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Version: 3.0.0

How to transmit with your phy.

The entire transmission process is efficiently managed by jobs, which are data structures containing all the necessary information to transmit a message. This approach simplifies your task as the Luos engine handles the job queue for you, relieving you of that concern. Your main responsibility is to obtain jobs and then transmit the messages when your phy is ready.

Whenever a new job is added to the job queue, the Luos engine will automatically invoke the job_cb callback function. This function acts as a trigger, prompting your phy to take action and attempt to transmit the message contained in the job.

Learn more about the job_cb callback

Job structure

The job structure will give you all the information you need to transmit a message. You can use this structure value to determine the size of the message, the data to transmit, and whether or not you need to receive an acknowledgement or transmit a timestamp.

Here a description of the job structure:

typedef struct
const uint8_t *data_pt; // Start pointer of the data to transmit.
uint16_t size; // size of the data to transmit.
bool ack; // True if we want to receive an acknoledgement of this message (you can ignore this if you don't manage acknoledgement).
bool timestamp; // True if this job is timestamped.
void *phy_data; // Phy developpers can use this pointer to store any data such as encapsulations.
} phy_job_t;

Job management

To effectively utilize and manage jobs, you will need to employ specific functions designed for this purpose.

During each transmission attempt, you can retrieve a job from the job queue using the Phy_GetJob function. Importantly, the job is not automatically removed from the queue, allowing you to access it multiple times if needed.

Once the transmission is successfully completed, you should use the Phy_RmJob function to remove the job from the queue. This action signifies that the transmission was successful, and the job is no longer needed.

In the event of a transmission failure after multiple attempts, you should utilize the Phy_FailedJob function. This function removes the job from the queue and marks it as failed, providing a clear indication that the transmission could not be completed successfully.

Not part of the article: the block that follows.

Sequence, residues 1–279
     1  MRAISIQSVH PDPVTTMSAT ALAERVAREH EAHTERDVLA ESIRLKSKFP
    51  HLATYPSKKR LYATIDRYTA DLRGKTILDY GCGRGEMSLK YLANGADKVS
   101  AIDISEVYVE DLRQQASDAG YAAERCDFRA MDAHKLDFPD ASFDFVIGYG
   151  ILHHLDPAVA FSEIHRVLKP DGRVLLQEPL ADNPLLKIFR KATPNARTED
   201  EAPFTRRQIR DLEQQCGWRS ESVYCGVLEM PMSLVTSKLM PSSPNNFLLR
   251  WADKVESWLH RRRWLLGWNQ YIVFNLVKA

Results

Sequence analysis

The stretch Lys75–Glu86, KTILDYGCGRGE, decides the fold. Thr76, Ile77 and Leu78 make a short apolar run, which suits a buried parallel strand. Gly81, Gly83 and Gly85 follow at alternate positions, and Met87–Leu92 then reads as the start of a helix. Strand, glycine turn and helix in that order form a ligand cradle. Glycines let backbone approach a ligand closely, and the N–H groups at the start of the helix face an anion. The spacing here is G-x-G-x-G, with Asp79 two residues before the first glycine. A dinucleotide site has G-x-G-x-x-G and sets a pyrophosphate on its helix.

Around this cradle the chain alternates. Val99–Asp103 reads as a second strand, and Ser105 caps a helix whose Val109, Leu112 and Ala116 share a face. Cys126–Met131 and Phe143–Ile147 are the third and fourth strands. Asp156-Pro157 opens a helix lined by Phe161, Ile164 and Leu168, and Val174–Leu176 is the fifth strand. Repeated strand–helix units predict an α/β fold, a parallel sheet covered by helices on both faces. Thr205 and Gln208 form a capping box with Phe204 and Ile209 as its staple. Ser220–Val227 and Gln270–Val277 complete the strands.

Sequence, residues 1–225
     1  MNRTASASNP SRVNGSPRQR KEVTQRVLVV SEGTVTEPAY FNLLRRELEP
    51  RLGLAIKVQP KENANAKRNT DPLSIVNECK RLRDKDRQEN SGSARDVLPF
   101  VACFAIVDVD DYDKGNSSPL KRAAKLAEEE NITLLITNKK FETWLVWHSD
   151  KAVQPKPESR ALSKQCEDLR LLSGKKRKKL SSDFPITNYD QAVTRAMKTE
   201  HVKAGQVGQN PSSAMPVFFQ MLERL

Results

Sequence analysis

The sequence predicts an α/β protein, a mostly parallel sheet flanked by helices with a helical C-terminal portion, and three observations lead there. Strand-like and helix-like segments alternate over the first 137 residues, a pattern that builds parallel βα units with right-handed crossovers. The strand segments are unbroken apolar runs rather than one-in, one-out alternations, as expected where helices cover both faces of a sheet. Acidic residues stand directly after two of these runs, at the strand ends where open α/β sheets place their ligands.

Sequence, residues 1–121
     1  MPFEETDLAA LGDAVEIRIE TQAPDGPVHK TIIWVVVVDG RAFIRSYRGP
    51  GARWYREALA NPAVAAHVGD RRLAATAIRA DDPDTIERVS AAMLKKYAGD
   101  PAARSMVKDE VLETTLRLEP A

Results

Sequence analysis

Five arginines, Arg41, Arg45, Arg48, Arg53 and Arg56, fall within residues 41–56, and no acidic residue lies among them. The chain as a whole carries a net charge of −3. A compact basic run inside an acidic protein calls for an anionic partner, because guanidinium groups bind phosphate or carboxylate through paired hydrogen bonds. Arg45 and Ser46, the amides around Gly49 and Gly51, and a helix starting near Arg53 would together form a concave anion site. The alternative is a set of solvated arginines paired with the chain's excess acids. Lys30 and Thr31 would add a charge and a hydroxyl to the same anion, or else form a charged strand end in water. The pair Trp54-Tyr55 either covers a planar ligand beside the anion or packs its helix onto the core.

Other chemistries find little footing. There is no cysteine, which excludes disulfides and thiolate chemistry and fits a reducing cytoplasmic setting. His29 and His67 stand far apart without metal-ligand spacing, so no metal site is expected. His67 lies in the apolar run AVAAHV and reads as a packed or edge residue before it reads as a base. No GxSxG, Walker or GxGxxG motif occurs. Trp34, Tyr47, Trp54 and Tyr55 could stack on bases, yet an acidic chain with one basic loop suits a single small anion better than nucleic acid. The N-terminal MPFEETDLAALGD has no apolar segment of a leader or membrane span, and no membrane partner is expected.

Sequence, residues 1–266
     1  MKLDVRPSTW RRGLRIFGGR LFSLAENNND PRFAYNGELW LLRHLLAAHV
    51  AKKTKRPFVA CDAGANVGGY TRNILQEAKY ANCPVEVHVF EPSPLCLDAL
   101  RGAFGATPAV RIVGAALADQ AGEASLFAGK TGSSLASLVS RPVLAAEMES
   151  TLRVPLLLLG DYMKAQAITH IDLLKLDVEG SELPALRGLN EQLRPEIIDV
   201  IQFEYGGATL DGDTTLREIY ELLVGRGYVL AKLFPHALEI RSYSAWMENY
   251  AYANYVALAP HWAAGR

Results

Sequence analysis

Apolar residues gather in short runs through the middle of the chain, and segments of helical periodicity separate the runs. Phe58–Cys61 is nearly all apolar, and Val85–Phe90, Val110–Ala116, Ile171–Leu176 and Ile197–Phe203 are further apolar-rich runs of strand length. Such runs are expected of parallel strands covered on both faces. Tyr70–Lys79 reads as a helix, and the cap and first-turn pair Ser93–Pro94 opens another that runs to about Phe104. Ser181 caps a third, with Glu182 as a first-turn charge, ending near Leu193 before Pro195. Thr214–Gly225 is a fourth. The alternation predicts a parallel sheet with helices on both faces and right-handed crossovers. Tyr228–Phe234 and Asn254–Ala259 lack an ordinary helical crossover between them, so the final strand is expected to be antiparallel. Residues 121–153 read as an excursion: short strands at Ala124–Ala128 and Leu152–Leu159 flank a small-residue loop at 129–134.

If you ever need to check the number of jobs currently present in the job queue, you can use the Phy_GetJobNumber function. This allows you to monitor the job queue's status and plan your transmission actions accordingly.

Learn more about these functions

Timestamp transmission

If the timestamp value of your job is set to true, it means you must include a timestamp along with the message for it to be properly received. Computing the timestamp should be done at the beginning of the transmission process. To achieve this, utilize the Phy_ComputeMsgTimestamp function, which will calculate the time value for you.

After obtaining the timestamp, ensure that you cast the returned time value to be placed after the data you intend to transmit. Be cautious, as you cannot directly write the timestamp into the data pointer of the job you will probably have to copy the content of the data you have to transmit in a buffer on your phy.

In case you need to make multiple attempts to transmit the message, you will need to recompute the timestamp each time. This ensures that the timestamp remains accurate for each transmission attempt.

If your message includes a CRC (Cyclic Redundancy Check) for error detection purposes, remember to recompute the CRC each time you add the timestamp to the message.

To add extra precision to the timestamp, you can evaluate the time between the Phy_ComputeMsgTimestamp call and the actual transmission in the physical bus. You may be able to use this information to compesate the delay on the reception side.